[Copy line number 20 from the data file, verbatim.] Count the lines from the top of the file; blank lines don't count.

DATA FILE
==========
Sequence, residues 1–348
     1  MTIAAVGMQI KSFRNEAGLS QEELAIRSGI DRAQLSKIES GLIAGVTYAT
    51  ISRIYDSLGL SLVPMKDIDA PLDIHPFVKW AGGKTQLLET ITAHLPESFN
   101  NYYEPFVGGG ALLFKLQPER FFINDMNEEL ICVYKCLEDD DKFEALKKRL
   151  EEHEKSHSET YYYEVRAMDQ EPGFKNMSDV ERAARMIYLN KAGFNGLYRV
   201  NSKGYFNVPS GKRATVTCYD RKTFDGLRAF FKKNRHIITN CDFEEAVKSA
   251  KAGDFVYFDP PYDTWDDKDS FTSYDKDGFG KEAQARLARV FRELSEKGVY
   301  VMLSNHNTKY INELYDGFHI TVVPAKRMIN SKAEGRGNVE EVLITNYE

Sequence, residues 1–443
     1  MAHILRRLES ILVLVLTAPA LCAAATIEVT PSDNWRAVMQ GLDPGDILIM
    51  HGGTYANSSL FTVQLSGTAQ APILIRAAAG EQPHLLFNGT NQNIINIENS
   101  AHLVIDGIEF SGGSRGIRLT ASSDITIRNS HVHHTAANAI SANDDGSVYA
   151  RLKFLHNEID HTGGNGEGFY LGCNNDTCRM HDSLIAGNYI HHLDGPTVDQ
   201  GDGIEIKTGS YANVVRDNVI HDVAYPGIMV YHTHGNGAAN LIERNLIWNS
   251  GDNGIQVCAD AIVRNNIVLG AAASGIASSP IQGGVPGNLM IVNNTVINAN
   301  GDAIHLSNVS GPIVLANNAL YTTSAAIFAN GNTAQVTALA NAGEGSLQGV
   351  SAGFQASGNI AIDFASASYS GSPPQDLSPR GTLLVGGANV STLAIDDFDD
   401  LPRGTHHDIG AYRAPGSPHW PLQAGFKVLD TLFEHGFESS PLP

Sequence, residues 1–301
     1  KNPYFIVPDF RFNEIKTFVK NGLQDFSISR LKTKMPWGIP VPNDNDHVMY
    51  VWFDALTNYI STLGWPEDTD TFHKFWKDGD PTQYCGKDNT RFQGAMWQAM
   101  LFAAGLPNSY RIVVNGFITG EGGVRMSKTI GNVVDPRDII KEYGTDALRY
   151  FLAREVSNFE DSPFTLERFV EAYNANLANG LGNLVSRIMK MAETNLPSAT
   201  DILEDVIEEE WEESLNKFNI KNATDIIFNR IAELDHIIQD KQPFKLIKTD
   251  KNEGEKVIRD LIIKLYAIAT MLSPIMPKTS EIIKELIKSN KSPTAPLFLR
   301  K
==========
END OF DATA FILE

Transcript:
     1  KNPYFIVPDF RFNEIKTFVK NGLQDFSISR LKTKMPWGIP VPNDNDHVMY